Thursday, 6 October 2016

Oranges


Oranges
by Jethro Burnett Thorburn for HappyHealthyHonestHuman 
(7th October 2016)







Most notable constituents

·         Vitamins C and B1
·         Bioactive flavonoids (Vitamin P)
·         Copper (Cu)
·         Manganese (Mn)
·         Phosphorus (P)
·         Potassium (K)
·         Zinc (Zn)
·         Beta-sitosterol
·         Beta-carotene
·         Folate (folic acid)
·         Pectin
·         Fibre
·         Natural sugar



Energy Tonic

Oranges give you a great boost to your energy, leaving you with a feeling of well-being and vigour. They can also stimulate your appetite.


Bioactive flavonoids

Oranges contain high levels of bioflavonoids, also known as vitamin P. They greatly enhance and prolong the absorption and effect of vitamin C, and this is why eating oranges whole can actually be more beneficial than taking vitamin C supplements, which are usually synthetic ascorbic acid which doesn’t have bioflavonoids.

Bioflavonoids can also have antioxidant properties and hence reduce the risk of cancer. They also exhibit anti-inflammatory, anti-allergic, anti-microbial, anti-diarrheal properties.

Furthermore, bioactive flavonoids greatly improve circulation, capillary health and maintain blood pressure. They also help to normalise blood sugar levels and protect against diabetes.


Beta-sitosterol

Beta-sitosterol is very helpful to those suffering from high cholesterol levels or heart disease.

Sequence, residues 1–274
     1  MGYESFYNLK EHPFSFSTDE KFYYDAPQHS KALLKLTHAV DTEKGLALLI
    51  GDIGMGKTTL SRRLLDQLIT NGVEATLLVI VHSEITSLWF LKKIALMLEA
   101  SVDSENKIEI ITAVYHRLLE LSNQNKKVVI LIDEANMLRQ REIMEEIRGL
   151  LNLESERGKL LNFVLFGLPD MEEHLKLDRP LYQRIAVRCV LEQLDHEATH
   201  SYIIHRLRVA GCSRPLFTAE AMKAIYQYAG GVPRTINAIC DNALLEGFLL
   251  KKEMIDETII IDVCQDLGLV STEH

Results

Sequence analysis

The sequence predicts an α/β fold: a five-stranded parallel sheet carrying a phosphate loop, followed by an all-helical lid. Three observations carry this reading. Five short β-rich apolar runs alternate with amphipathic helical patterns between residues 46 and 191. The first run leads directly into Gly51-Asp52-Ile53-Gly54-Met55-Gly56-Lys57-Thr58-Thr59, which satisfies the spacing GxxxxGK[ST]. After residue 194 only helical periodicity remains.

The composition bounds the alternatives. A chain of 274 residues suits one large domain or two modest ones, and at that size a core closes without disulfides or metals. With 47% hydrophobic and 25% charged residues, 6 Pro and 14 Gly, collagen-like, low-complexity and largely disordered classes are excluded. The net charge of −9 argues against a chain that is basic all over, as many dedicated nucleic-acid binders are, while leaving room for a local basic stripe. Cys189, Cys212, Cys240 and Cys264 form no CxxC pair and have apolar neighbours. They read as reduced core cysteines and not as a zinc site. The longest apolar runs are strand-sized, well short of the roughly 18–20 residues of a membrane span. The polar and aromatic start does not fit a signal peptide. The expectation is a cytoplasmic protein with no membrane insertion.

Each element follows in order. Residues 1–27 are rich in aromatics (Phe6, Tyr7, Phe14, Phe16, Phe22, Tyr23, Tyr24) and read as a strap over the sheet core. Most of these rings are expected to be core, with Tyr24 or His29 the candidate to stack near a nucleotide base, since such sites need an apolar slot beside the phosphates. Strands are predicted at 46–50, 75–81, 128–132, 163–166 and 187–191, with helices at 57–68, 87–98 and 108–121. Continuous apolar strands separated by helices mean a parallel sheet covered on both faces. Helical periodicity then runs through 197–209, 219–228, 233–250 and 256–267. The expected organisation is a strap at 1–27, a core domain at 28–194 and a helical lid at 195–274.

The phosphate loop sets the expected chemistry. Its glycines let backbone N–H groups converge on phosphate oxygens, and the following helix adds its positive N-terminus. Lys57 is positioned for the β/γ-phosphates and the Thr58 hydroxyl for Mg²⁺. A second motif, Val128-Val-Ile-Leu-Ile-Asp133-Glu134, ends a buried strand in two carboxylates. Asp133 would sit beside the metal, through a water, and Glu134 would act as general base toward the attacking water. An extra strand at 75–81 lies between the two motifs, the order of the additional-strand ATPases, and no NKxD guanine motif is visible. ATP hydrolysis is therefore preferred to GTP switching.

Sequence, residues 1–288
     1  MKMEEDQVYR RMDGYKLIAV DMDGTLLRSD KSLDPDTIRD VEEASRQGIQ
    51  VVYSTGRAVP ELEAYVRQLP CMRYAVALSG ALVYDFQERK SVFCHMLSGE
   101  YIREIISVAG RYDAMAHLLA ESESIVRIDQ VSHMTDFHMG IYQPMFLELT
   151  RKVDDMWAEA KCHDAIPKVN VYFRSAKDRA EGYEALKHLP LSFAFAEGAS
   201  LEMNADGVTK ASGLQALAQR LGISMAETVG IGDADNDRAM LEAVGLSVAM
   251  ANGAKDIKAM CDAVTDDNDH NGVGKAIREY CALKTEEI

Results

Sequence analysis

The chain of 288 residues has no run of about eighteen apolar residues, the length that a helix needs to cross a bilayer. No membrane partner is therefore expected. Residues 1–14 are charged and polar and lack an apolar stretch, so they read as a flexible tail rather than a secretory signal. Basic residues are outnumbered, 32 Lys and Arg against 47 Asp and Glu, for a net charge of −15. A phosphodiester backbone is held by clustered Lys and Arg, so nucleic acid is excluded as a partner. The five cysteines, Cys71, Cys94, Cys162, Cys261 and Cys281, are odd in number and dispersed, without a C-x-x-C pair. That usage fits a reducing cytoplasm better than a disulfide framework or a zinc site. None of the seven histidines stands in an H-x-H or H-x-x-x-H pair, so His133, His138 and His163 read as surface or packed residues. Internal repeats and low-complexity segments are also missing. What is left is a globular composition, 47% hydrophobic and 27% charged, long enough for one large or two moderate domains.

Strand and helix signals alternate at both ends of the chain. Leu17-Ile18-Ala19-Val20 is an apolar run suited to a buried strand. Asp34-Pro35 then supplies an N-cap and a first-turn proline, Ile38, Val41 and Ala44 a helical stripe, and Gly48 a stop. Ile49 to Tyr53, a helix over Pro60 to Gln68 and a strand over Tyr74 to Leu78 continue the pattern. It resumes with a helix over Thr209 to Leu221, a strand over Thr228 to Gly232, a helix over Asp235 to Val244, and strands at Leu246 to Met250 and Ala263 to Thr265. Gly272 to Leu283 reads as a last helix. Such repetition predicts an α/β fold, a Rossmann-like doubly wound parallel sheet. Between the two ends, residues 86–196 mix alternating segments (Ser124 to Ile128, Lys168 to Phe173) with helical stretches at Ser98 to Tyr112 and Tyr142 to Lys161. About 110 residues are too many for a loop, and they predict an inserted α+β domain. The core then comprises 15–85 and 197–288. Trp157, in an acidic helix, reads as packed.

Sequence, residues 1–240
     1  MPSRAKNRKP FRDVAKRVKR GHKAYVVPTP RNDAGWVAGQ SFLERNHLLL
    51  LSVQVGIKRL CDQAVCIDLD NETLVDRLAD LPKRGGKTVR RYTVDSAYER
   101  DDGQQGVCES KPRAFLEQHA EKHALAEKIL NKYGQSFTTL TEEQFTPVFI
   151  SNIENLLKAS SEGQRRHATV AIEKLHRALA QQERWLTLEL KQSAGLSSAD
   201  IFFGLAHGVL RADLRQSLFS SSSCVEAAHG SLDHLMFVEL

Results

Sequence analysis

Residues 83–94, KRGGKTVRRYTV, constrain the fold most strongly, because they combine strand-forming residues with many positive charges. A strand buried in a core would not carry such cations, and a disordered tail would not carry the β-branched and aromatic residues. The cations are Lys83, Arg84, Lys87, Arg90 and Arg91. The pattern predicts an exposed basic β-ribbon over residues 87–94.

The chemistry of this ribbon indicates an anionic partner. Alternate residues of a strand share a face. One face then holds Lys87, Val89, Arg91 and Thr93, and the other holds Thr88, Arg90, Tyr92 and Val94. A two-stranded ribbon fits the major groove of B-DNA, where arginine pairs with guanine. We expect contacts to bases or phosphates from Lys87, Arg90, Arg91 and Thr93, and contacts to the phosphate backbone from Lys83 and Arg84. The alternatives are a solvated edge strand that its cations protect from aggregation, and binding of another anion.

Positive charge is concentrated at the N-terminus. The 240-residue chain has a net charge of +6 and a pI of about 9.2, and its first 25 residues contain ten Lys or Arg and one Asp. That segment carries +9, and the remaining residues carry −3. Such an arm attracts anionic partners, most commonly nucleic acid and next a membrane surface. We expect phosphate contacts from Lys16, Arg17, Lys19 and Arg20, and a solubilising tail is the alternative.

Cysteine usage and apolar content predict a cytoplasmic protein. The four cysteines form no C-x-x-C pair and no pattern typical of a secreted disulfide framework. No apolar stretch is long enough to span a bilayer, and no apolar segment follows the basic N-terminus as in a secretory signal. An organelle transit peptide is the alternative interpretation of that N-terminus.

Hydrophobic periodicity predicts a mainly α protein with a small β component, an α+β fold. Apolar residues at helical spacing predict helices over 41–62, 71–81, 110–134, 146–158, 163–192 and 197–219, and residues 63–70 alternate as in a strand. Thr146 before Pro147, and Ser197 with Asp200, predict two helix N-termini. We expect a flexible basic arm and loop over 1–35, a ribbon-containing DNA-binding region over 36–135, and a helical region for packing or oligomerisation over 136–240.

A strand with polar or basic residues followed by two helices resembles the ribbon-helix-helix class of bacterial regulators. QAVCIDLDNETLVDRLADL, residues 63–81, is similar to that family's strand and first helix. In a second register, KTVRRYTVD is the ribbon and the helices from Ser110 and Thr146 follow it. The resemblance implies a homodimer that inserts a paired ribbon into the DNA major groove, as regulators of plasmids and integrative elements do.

It also boosts the immune system and is helpful with illnesses ranging from common colds and flu to rheumatoid arthritis and colon cancer.

Marathon runners are also known to use beta-sitosterol to reduce muscle pain and swelling after a run. Additionally, some people apply beta-sitosterol to the skin for treating wounds and burns as well as repairing mucous membranes.

It is also used for enhancing sexual activity!


Beta-carotene

Beta-carotene is an antioxidant which contributes to the colour of oranges. Beta-carotene can help with brain cancer, maintenance of lung tissue and benefits eyesight.


Vitamin C

Oranges are high in vitamin C which boosts the immune system. It is also useful for maintaining and repairing connective tissue, bones, blood vessels and skin. It also aids iron absorption which benefits blood cells and can help protect against heart disease.


Folic acid

Folic acid is a form of folate, which is a B vitamin. It is needed to make DNA and other genetic material and is also needed for our body’s cells to divide.


Pectin and fibre

Pectin and fibre help to cleanse the body and assist digestion and moving substances through the body. Oranges also have diuretic and mild laxative properties.


Eat oranges whole to receive all the benefits rather than as a refined juice or concentrate!

Thank you for reading!


References:


Beta-sitosterol. (n.d.). [Online]. Available at: http://www.webmd.com/vitamins-supplements/ingredientmono-939-beta-sitosterol.aspx?activeingredientid=939&activeingredientname=beta-sitosterol [Date accessed: 07/10/2016].

Citrus fruit bioflavonoids. (n.d.) [Online]. Available at: http://growyouthful.com/remedy/citrus-bioflavonoids.php [Date accessed: 07/10/2016].

Cousin, Jean Pierre and Hartvig, Kirsten. 2011. The New Complete Guide to Nutritional Health. UK: Duncan Baird Publishers Ltd.

Sahelian, Ray. 2016.  Beta Carotene supplement health benefit, side effects, risks. [Online]. Available at: http://www.raysahelian.com/betacarotene.html [Date accessed: 07/10/2016].

Thomas, Pat. 2006. What’s In This Stuff?: The Essential Guide to What's Really in the Products You Buy in the Supermarket. UK: Rodale International Ltd.


Van Straten, Michael and Griggs, Barbara. 2006. Superfoods Super Fast. London: Dorling Kindersley Limited.

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